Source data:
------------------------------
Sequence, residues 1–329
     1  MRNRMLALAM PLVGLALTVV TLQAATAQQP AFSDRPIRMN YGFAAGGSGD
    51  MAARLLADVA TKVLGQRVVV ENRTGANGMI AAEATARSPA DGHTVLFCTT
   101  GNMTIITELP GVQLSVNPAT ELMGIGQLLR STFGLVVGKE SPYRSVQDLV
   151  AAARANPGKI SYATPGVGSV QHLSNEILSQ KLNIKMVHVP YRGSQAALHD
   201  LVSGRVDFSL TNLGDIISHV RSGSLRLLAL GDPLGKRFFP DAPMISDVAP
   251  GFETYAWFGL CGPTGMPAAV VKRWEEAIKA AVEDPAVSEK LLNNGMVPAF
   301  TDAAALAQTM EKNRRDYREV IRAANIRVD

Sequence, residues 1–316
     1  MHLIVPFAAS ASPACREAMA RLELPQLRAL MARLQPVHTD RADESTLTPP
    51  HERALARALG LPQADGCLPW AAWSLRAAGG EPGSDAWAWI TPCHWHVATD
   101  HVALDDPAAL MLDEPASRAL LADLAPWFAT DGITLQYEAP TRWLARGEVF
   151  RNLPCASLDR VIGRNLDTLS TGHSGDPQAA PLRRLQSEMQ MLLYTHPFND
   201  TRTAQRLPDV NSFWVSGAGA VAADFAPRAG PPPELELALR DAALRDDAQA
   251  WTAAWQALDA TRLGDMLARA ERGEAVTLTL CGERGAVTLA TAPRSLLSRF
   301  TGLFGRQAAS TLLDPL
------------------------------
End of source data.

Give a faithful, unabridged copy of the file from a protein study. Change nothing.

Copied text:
Sequence, residues 1–329
     1  MRNRMLALAM PLVGLALTVV TLQAATAQQP AFSDRPIRMN YGFAAGGSGD
    51  MAARLLADVA TKVLGQRVVV ENRTGANGMI AAEATARSPA DGHTVLFCTT
   101  GNMTIITELP GVQLSVNPAT ELMGIGQLLR STFGLVVGKE SPYRSVQDLV
   151  AAARANPGKI SYATPGVGSV QHLSNEILSQ KLNIKMVHVP YRGSQAALHD
   201  LVSGRVDFSL TNLGDIISHV RSGSLRLLAL GDPLGKRFFP DAPMISDVAP
   251  GFETYAWFGL CGPTGMPAAV VKRWEEAIKA AVEDPAVSEK LLNNGMVPAF
   301  TDAAALAQTM EKNRRDYREV IRAANIRVD

Sequence, residues 1–316
     1  MHLIVPFAAS ASPACREAMA RLELPQLRAL MARLQPVHTD RADESTLTPP
    51  HERALARALG LPQADGCLPW AAWSLRAAGG EPGSDAWAWI TPCHWHVATD
   101  HVALDDPAAL MLDEPASRAL LADLAPWFAT DGITLQYEAP TRWLARGEVF
   151  RNLPCASLDR VIGRNLDTLS TGHSGDPQAA PLRRLQSEMQ MLLYTHPFND
   201  TRTAQRLPDV NSFWVSGAGA VAADFAPRAG PPPELELALR DAALRDDAQA
   251  WTAAWQALDA TRLGDMLARA ERGEAVTLTL CGERGAVTLA TAPRSLLSRF
   301  TGLFGRQAAS TLLDPL